Many Iowans were predictably upset by a decision which somehow validated same-sex relationships. For honest, deeply-felt religious reasons, they cast about for some way of registering their dissent. Politicians like Bob Vander Plaats and out of state advocacy groups like the National Association for Marriage poured money and organization onto that amorphous reaction. They offered an enticing story that struck out at immediate and visible symbols. At its heart, the story was retribution, scapegoating, spiteful and unwilling to consider the consequences of its actions. It was spray painting the opposing high school after a tough homecoming loss. It was pouring sugar in the gas tank of the unpopular kid.

These anti-retention spokesmen (and likely some of their voters) looked on their cause as one small part of a long political battle and were so focused on the end result that they did not much care that there would be collateral damage in their crusade. So, when I talk to my friends in the coming weeks, I will say that our work to preserve the independence of the judiciary will be fruitless until we engage with these anti-retention forces on their central issue–the Varnum decision, in which the Iowa Supreme Court unanimously upheld a ruling that the statute defining marriage only as a union between a man and a woman violated the equal protection clause in the Iowa constitution.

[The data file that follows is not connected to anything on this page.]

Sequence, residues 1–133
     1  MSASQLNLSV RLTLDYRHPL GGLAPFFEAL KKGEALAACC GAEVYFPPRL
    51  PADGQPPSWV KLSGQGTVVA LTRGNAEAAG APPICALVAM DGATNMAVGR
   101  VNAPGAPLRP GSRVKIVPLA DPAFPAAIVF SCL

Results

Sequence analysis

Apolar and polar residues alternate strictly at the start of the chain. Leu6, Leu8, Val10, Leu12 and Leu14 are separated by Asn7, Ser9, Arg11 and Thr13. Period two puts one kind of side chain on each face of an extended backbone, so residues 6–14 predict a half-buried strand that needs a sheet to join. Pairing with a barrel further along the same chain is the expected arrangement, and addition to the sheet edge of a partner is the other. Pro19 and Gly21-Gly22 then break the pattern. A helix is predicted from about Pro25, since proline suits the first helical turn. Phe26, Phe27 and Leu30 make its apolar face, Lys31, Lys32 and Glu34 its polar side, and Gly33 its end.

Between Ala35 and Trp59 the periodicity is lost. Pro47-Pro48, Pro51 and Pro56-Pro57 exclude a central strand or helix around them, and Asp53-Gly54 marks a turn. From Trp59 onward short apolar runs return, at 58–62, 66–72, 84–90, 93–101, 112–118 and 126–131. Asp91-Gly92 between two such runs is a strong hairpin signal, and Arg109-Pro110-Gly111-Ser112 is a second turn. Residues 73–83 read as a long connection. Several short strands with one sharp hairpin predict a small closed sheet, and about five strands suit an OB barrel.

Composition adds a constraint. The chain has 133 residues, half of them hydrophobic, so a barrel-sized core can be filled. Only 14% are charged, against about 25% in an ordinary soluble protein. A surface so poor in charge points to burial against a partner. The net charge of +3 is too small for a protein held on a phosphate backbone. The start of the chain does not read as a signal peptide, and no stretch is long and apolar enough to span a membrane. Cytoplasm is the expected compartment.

Here, perhaps, is where we made a strategic error in the past six months: In focusing on the judicial system and running a calm, good government, Iowa kind of campaign, we left the field to opponents who were willing to promote the most preposterous legal claims. “The Supreme Court should have sent it to the Legislature.” “Who gave the court the right to say something is unconstitutional?” “The Governor can issue an executive order stopping Varnum.” Ideas that would get zero credit on an 8th grade Civics test.